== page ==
Our service is filmed in Oxford and features some of the well-known as well as some lesser-known sights of Oxford. Sue Steers reads Psalm 96 and Jenny Narramore shares an important part of College life in Christ Church. We also have a short reading from ex-slave and abolitionist’s autobiography The Interesting Narrative of the Life of Olaudah Equiano. Our organists play five hymns: Thine be the glory, John Strain, Ballee; Be still for the presence of the Lord, Laura Patterson Downpatrick; Praise to the Lord, the Almighty, Alfie McClelland, Clough; How deep the Father’s love, Allen Yarr, Dunmurry; Blest are the pure in heart, John Strain, Ballee.
As a visual experience Oxford never disappoints. As the seasons change, as the weather or the light changes even in a single day, so the buildings repay careful scrutiny, with the colours of the stone reflecting the sun, the rain, a glowering sky or the bright blue backdrop of recent sunny days. There are less tourists now. Even the lure of Harry Potter and Inspector Morse are no longer sufficient to cram the streets with eager faces, although the city is busy enough despite the pandemic.
But here are a few images I took recently over a couple of days.
They are digging up the streets of Liverpool city centre all over the place at the moment. This is very much the case on Lime Street where they seem to be widening the pavement at one point and presumably planning to lay a new road surface.
Lime Street is a key thoroughfare in the city’s history. It has undergone some ‘development’ in recent years most notably with the controversial demolition of the old Futurist Cinema which I photographed when efforts were being made to save it. I never posted those pictures at the time although I might do in the future. The Futurist dated back to 1912 and deserved to be preserved. Over the road is the art deco frontage of the former ABC Cinema which is in some sort of limbo but also deserves preservation. I have some interesting historic photographs of Lime Street in times gone by which I might post up at some point. But walking along Lime Street now you are coralled behind a large fence, beyond which a digger is removing the old setts which can be seen in part of the road.
It is interesting to see what once constituted the road surface in Lime Street. The digger is scooping up the setts, noisily shaking them about to remove all the excess debris, and then piling them high at the side of the road.
But the other thing this work seems to be exposing is some of the old tramlines on Lime Street. Disused for seventy years and probably unseen for almost as long the tramlines have been uncovered by the digging.
What will happen to the old tramlines? Presumably the old setts are going to be sold off or possibly reused somewhere by the Council. I don’t know what you do with old tramlines, but it is interesting to see them, and interesting to reflect on what lies below the surface of our streets.
Our worship today comes from Ballee Non-Subscribing Presbyterian Church and is the first in a new series considering significant Non-Subscribers from history.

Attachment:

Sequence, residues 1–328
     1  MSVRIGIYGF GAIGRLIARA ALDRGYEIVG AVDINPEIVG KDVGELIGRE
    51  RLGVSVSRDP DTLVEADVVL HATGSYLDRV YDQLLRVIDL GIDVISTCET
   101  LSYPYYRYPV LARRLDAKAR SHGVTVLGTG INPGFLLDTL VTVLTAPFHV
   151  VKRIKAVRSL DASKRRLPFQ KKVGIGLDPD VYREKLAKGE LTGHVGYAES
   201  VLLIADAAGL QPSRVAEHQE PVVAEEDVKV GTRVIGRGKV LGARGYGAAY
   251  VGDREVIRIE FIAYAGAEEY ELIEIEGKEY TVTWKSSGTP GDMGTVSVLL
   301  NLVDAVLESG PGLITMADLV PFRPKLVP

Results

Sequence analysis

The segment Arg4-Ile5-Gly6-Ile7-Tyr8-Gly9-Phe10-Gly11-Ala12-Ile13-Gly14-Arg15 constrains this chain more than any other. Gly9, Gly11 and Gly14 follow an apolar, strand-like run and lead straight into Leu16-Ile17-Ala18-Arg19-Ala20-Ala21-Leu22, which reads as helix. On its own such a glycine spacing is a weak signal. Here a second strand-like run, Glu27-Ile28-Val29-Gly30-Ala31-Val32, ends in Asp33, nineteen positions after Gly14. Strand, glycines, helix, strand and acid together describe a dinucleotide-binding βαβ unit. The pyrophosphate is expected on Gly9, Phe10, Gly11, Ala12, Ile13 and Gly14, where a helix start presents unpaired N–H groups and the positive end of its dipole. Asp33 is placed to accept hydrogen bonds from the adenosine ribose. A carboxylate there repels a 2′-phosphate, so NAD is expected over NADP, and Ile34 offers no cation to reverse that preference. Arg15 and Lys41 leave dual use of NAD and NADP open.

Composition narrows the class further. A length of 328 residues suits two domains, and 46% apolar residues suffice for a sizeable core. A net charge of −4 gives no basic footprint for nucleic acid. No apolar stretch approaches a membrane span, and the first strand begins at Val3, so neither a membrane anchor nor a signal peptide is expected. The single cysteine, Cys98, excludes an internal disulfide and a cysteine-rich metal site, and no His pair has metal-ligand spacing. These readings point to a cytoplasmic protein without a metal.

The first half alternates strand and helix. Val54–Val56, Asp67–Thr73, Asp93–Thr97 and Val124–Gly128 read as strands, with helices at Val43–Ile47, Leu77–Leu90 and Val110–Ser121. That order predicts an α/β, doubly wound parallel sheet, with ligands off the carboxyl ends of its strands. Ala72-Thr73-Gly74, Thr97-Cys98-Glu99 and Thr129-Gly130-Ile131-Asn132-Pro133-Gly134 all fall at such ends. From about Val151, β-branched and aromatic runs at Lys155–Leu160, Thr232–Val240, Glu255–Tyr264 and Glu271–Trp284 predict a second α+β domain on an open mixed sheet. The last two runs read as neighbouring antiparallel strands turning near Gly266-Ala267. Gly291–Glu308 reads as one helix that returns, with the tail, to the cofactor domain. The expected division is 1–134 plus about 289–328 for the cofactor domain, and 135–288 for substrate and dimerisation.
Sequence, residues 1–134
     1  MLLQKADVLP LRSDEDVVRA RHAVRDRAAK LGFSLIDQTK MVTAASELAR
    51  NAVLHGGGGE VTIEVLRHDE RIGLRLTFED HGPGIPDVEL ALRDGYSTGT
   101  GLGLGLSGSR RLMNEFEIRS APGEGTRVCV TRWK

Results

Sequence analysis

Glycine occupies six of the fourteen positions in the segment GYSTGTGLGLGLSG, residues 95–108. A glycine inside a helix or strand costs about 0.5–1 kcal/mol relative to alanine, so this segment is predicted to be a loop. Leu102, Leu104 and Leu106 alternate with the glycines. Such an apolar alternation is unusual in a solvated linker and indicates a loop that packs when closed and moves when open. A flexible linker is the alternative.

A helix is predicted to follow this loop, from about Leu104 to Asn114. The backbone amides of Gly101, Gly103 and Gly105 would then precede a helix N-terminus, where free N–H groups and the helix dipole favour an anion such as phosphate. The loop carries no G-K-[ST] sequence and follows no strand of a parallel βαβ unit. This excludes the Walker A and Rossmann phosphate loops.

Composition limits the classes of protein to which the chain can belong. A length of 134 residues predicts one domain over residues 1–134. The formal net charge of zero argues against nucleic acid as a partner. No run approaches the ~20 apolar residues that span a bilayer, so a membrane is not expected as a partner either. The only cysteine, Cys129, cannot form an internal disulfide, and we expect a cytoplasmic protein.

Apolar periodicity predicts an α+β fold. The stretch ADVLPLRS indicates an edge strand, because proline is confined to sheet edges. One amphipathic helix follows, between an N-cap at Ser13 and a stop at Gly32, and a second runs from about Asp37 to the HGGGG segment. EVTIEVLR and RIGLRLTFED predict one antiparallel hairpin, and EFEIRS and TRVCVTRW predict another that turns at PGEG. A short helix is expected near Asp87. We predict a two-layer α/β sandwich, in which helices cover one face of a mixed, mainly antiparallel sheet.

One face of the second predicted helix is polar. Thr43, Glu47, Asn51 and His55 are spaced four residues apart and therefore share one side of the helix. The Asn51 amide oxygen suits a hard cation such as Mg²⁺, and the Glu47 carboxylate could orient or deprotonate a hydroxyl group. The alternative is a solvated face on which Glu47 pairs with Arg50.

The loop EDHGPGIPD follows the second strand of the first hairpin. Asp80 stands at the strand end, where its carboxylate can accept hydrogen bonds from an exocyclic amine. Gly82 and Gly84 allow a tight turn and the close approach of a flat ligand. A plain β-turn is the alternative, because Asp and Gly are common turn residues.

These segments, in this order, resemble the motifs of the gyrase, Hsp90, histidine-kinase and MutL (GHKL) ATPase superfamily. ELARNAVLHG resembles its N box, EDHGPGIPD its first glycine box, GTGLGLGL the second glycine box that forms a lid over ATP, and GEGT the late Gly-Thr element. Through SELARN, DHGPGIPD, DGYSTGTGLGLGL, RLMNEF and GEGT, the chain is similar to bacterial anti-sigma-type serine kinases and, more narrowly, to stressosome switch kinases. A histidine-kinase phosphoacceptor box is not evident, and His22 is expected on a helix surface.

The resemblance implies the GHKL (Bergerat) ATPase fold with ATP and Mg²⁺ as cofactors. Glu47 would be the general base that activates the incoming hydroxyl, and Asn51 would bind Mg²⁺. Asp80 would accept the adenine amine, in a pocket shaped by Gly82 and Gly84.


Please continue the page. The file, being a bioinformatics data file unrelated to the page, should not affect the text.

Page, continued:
Alexander Gordon was born in Coventry on 9th June 1841 and died in Belfast on 21st February 1931. A self-styled Englishman by birth, Scotsman by education and an Irishman by inclination Alexander Gordon was the foremost historian of religious dissent in the British Isles whose influence is still recognized today.
I’ve mentioned before the above photograph of Alexander Gordon, (click here to see the original post) the last known picture of him, arriving at Dunmurry to take the service in 1931 and this and many other images are used in the video for today’s service.
The service is recorded in Ballee Non-Subscribing Presbyterian Church and is conducted by the minister. The reader is Carol Nixon who reads Psalm 100 and the organist is John Strain who plays the hymns Spirit of God, unseen as the wind (Irish Presbyterian Hymn Book 478) and Fairest Lord Jesus (Irish Presbyterian Hymn Book 19). Also played at the beginning and end of the service are As the deer pants and Who is on the Lord’s side.
As well as the images connected with Alexander Gordon the film includes video of the eighteenth-century roof beams of Ballee Church constructed from Memel pine.
Over the course of a long career Gordon was minister of a number of congregations in England and Ireland and was Principal of the Unitarian College, Manchester and lecturer in Ecclesiastical History at the University of Manchester, in what was then the first free faculty of Theology in Britain. He was also a renowned historian who travelled all over Europe in the course of his work. He regularly travelled between England and Ireland, even throughout the First World War, and always travelled from wherever he was to Dunmurry in order to attend the twice yearly communion services there. He also travelled across Europe visiting record offices and archives – most notably in Poland, Hungary and Transylvania – at a time when such visits were rare and logistically difficult. This is referenced in the service. His researches, whose subject matter stretched over centuries and many areas of religious life, link us with the past and with his life. They set us in context and in time.
Time is the feather’d thing,
And, whilst I praise